The students at the celebration honored Dr. King by working together to come up with ideas and dreams that they want to accomplish in the future. Providing everyone at the event with equal opportunity to state what their dreams are, and the possible ways they can achieve those dreams, was a perfect example of showing how Dr. King’s legacy can impact so many people. It was a great way to inspire students to reflect on how they want to change the world. A big change Dr. King instilled in the world was to unite as one and work toward something greater, such as equality.

Other events held in January to honor Dr. King and celebrate Black History month were a documentary called “Remembering Martin,” and a film of impactful moments of King’s speeches. Also planned is a Black History Film Festival on Feb.5, Feb.16 and Feb. 23, beginning at 6:30 p.m. each day in the Sundown Room of the Student Center on the Levelland campus.

Brazilian student grateful for opportunities in America

Many people would love to have the chance to live in tropical areas, but Victoria de Souza Bispo got to experience this.

De Souza lived in Pará, Brazil with her grandparents until she was 14 years old.

Brazil has a lot of different looks,” says de Souza, a freshman at South Plains College. “There’s the Brazil that everybody knows, like Rio. But the Brazil that I know is a lot different, because I’m from the Amazon. We have a lot of trees where I come from. But we have big cities like Lubbock, but with way more trees.”

De Souza explained that school in Brazil was more difficult, due to having a longer schedule. She explained that it was a lot of pressure but gave her more opportunities and a better chance at getting into college in the United States.

“In high school in Brazil, we learn everything that the United States learns in four years in one year,” de Souza explains. “It is way too much pressure. In Brazil, they have this list, and if you are not on the list, you do not get to go to college. Here, you have a lot of opportunities and a lot of different options. And here we have scholarships and financial aid. In Brazil, we don’t have that. You have to pay for it on your own.”

When de Souza was 14 years old, she decided to move to Costa Rica to live with her mother. That is where she learned Spanish.

“My mother was living in Costa Rica,” recalls de Souza.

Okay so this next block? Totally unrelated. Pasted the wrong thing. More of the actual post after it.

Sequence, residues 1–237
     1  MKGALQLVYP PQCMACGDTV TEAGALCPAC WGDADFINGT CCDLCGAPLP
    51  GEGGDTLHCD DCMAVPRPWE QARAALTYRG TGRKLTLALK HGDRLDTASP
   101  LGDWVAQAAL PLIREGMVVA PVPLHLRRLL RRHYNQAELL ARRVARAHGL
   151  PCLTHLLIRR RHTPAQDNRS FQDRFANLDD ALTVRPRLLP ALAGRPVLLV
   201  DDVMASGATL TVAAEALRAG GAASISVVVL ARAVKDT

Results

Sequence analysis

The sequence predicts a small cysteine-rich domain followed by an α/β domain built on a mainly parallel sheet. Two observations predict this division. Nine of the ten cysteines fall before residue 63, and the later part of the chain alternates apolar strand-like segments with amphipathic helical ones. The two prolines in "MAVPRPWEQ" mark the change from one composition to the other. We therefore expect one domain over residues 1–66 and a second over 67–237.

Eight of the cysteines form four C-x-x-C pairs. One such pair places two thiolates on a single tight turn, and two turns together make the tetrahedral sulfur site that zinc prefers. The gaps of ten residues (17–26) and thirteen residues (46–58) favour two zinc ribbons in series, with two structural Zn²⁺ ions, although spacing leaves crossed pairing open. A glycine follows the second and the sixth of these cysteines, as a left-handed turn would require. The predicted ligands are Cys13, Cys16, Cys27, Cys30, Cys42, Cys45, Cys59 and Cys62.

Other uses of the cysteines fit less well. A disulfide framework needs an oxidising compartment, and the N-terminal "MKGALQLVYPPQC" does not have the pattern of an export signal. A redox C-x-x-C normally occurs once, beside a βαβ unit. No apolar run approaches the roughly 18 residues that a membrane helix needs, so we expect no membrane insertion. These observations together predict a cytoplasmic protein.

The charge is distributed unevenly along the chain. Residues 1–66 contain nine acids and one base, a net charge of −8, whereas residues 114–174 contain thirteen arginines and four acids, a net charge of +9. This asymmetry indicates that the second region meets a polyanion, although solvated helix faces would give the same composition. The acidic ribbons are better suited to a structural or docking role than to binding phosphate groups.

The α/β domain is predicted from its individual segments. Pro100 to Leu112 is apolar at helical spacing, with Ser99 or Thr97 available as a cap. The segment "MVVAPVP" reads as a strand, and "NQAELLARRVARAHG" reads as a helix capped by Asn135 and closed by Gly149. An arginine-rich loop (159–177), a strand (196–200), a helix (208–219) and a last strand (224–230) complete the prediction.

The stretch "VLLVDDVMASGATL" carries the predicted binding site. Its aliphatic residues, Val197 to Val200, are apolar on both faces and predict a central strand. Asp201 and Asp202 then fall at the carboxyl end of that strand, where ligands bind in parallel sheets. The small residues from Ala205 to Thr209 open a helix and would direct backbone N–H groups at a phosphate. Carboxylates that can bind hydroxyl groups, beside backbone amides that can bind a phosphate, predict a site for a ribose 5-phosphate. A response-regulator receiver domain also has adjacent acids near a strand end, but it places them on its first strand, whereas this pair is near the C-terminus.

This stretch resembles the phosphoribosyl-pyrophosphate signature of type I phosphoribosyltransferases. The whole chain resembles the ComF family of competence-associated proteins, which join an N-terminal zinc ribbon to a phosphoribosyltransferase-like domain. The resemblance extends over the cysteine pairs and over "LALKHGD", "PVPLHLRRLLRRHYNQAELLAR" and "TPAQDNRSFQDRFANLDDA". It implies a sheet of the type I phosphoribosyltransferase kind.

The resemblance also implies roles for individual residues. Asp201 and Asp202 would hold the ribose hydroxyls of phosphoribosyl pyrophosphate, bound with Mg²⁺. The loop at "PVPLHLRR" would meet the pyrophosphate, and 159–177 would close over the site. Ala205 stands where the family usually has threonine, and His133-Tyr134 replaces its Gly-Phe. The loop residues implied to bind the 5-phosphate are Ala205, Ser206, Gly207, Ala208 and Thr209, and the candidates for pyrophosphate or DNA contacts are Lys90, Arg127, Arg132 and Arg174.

“I asked my grandparents, because I was living with them, if I could go. So I went to Costa Rica, and I lived there for almost three years.”

After living in Costa Rica, learning Spanish and making new friends, her stepfather got the opportunity to study at Texas Tech University in Lubbock.

After moving to a completely new country, there are adjustments that have to be made. Language and food were her main adjustments, according to de Souza. When she first moved to West Texas, she faced language barriers. She explained that she would watch television in English as an easy way to learn to speak English. She also said the food was a lot different.

“In Brazil, we eat rice and beans and meat,” de Souza said, “so when you come here it is a lot different, because they don’t eat that much rice.

De Souza says that the biggest opportunities that she has had living in the United States are being able to learn a new language and education. She said it’s hard for people to pursue a college education in Brazil.

De Souza, a public relations major, says she chose South Plains because she appreciates having a smaller class.

“I like the small classes because the teachers care about your learning,” de Souza added. “So that is something I appreciate, and that’s why I wanted to come here. I have a hard time with English, so the teachers have time to talk with me because of the small classes.”

Although she has had many opportunities, de Souza said that she had to face being homesick and being away from her grandparents. She explained that her first year away from Brazil was the hardest. She said that it has gotten better because her grandparents come and visit. But she still gets homesick from time to time.

“I did the first year I was gone,” de Souza recalls. “I really wanted to go home because I have a great connection with my grandparents. I grew up with them, so I really miss them. The first year was the hardest because I broke that bond of being with them every day. Right now is not that bad, because they come visit us, so I got happy. Sometimes I sit on my bed and wish I had everybody back around.”

De Souza has overcome moving from three different countries and all the baggage that comes along with moving.

“I have met a lot of people from a lot of different countries,” de Souza said. “It is something that I have really enjoyed.”

Student elected delegate for state physical therapy association

Shelby Jan Nail plans to use her role as a delegate for the Texas Student Physical Therapy Association to promote physical therapy and help benefit future students studying the profession.

tspta girlThe South Plains College student from Zephyr, Texas, has studied at Texas Tech before coming to the Levelland campus to study physical therapy. Nail attended the TPTA annual conference at Corpus Christi on Oct. 26 – Oct. 29.

Student members of the Texas Student Physical Therapy Association elected Nail as a delegate for the program she will represent and make decisions for physical therapy students across the Texas.